"They come back. They're on their own," Deem said. "You see them coming through airports, taking off prosthetics. It's sad."
Johnston can empathize with today's wounded warriors.
"Being in the military from the Viet Nam era, we weren't treated the best when we came home," he said.
Then Johnston learned of the Veterans Airlift Command, a non-profit group of volunteer aircraft owners and pilots. They use their planes and skill to help wounded warriors and their families.
"Most military families don't have the resources to fly their whole family to see their son or daughter that's wounded in the hospital. Or vice-versa, getting them home," he said.
Johnston urged Deem to add Window World's plane to the volunteer network. That proved to be an easy sell. Justin Lane, whose father Art owns the company's Green Bay franchise lost both legs in Afghanistan. During recovery, Justin was due to be honored at a Packer home game but had limited time. V-A-C and Deem made an easier way home.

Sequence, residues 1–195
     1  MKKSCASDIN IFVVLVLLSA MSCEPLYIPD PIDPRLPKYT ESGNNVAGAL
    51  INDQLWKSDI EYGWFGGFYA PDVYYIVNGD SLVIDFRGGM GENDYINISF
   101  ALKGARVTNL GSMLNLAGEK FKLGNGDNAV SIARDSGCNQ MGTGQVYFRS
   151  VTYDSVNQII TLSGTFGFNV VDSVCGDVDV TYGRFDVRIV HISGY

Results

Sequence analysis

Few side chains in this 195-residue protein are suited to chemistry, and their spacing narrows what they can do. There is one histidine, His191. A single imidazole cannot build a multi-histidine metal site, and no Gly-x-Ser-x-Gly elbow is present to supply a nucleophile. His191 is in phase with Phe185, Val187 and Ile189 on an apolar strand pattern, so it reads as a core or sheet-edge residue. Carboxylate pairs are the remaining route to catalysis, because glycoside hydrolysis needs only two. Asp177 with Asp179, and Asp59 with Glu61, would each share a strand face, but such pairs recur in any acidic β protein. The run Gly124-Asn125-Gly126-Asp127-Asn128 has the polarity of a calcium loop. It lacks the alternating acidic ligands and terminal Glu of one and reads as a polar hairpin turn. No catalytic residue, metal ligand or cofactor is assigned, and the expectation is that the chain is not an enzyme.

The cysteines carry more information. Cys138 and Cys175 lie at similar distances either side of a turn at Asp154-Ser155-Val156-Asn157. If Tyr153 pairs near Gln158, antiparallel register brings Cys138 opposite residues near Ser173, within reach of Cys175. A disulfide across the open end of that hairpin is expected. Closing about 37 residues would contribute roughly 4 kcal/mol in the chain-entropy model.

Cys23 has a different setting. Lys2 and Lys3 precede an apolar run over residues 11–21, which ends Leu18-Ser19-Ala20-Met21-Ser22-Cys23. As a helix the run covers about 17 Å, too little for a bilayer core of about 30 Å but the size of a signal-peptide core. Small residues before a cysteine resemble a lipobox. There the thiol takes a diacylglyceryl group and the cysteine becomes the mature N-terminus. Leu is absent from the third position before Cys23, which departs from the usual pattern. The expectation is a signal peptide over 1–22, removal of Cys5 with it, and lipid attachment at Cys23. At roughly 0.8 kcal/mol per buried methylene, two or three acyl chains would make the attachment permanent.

"You would have to fly from San Antonio to another hub, probably Dallas." Deem said. "Then you'd have to layover in another hub, possibly Chicago, and end up in Green Bay possibly 18-hours later. Where we could have them up here in about three-hours."
The Veteran's Airlift Command also helped Lance Corporal Josh Wege get home after treatment. And volunteers say they get much from helping wounded warriors.
"They're all very positive outlooks. They're not feeling sorry for themselves," Johnston said. "They're pressing on. So it's very rewarding on both sides."
"We've befriended many of these folks and we've talked about it." Deem added. "There's no doubt we get more out of it."
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